Commentary: Beware collateral damage from Red Code

While the bulk of the damage done by the Code Red and Code Red II worms was done through infecting computers, that's not the whole picture, says columnist Robert Vamosi.

In the first few days of August, Code Red and Code Red II scoured the Internet for Windows NT and 2000 systems that had Microsoft's IIS 4.0 and 5.0 vulnerabilities.

While their scanning failed to bring the Internet to a crawl, the Code Red worms did produce some very interesting side effects beyond those warned about by Microsoft and the government. You may have heard about the problems with Cisco routers, but did you know that Hewlett-Packard and Xerox printers were also affected by these worms?

Code Red aggravated a series of known vulnerabilities with the Cisco 600 family of routers. When Code Red began scanning the Internet on August 1, the scans (with their malformed requests) locked up the routers. Cisco released patches, and most warnings about the Code Red worms included some mention of the available patches.

Unfortunately, independent ISPs, who sold Cisco routers to home users as part of their DSL package, did not always share that information, and users were sometimes told by ISP support staff to cycle the power on their routers when a permanent solution was available.

Some ISPs, such as Qwest, did post notices on their sites with links to Cisco's downloads; however, other ISPs simply decided to disable all incoming port 80 requests to their customers.

Port 80 is what the Code Red worms used to scan the Internet. Port 80 is also the port home Web servers use for people to access their site. So, in the first two weeks of August, a few mom-and-pop Web sites simply went down--collateral damage from Code Red.

Besides affecting the firmware in Cisco routers, Code Red's scans also sideswiped networked printers from HP and Xerox. When corporate and university networked HP JetDirect printers got scanned by either Code Red worm, the printers didn't know what to do with the request.

Printers with older firmware (version G.05.35 and earlier) locked up and, in distress, spat out pages and pages of error (in this case, a register dump). Like the router solution, the temporary fix is to cycle the printer, however, the permanent solution is to upgrade the firmware.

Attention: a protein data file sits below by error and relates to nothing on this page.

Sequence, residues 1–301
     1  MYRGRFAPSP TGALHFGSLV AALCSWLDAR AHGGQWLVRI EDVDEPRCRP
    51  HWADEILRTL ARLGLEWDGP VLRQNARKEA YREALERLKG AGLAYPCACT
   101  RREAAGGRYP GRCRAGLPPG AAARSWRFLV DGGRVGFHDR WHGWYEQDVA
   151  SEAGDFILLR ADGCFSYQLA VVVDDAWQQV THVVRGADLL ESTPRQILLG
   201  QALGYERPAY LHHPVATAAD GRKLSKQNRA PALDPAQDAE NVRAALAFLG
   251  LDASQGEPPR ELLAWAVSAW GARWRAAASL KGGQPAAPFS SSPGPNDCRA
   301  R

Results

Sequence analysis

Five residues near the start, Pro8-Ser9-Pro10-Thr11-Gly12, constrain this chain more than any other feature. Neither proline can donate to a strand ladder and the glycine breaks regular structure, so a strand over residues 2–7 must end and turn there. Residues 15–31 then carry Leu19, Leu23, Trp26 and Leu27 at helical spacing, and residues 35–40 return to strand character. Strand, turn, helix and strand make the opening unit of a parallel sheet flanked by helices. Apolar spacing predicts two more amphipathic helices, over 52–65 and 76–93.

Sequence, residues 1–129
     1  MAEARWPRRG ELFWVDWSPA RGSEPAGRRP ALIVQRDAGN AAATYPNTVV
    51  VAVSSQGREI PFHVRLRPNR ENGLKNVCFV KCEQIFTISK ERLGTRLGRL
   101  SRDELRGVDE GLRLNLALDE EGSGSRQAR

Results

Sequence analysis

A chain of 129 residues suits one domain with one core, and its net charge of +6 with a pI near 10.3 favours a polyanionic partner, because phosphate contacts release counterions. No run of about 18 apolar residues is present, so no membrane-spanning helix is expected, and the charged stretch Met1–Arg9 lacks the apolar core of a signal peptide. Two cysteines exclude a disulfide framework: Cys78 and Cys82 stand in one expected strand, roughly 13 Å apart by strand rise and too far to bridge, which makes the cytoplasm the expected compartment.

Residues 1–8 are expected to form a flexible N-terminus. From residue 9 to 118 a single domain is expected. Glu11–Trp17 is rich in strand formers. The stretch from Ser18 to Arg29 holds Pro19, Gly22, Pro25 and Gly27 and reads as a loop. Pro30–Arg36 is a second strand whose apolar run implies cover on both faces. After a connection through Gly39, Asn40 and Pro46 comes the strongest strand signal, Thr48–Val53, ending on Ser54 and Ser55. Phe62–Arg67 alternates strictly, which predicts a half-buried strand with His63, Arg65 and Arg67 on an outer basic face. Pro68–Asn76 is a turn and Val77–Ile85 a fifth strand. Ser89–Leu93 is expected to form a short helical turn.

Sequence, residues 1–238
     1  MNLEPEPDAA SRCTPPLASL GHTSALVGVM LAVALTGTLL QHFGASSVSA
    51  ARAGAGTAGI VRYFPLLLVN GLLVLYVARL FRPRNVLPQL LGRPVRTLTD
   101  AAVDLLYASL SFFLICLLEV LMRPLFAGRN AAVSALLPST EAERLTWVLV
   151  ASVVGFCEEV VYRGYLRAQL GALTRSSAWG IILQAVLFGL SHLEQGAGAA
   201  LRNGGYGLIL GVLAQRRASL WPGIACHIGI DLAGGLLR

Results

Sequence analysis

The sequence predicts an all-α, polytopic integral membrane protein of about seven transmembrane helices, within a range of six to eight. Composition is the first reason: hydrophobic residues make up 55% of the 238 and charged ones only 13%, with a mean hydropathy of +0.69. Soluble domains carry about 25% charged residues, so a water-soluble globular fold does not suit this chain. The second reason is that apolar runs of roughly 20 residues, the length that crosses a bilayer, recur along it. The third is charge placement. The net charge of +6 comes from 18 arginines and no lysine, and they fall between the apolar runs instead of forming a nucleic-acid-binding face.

Xerox N40 printers had similar problems, but tracking down this fix took a lot more time. Xerox's n4018725.exe driver is available, but not widely known. I'm not sure why this wasn't better publicized.

In the above cases, the printers themselves were not infected with the worm, nor can the printers spread it. Rather, the printers are sent signals over the Internet and don't know how to handle them. Therefore, it is always a good idea to disable all unused protocols and print services on any networked printer.

I also heard from Mac users who felt Code Red. The sheer number of focused port 80 requests brought down some Mac-based Web servers. Users of Quid Pro Quo 1.0.2 can vaccinate themselves from future Code Red scans with a Code Red Killer plug-in (available with instructions in English and Japanese) or simply upgrade to version 2.0.

Unfortunately, these current Code Red worms are just a sample of what's to come. Future variations may target specific ISPs and may uncover more hardware bugs as a side result. Stay tuned: There's only nine more shopping days until Code Red wakes up again.

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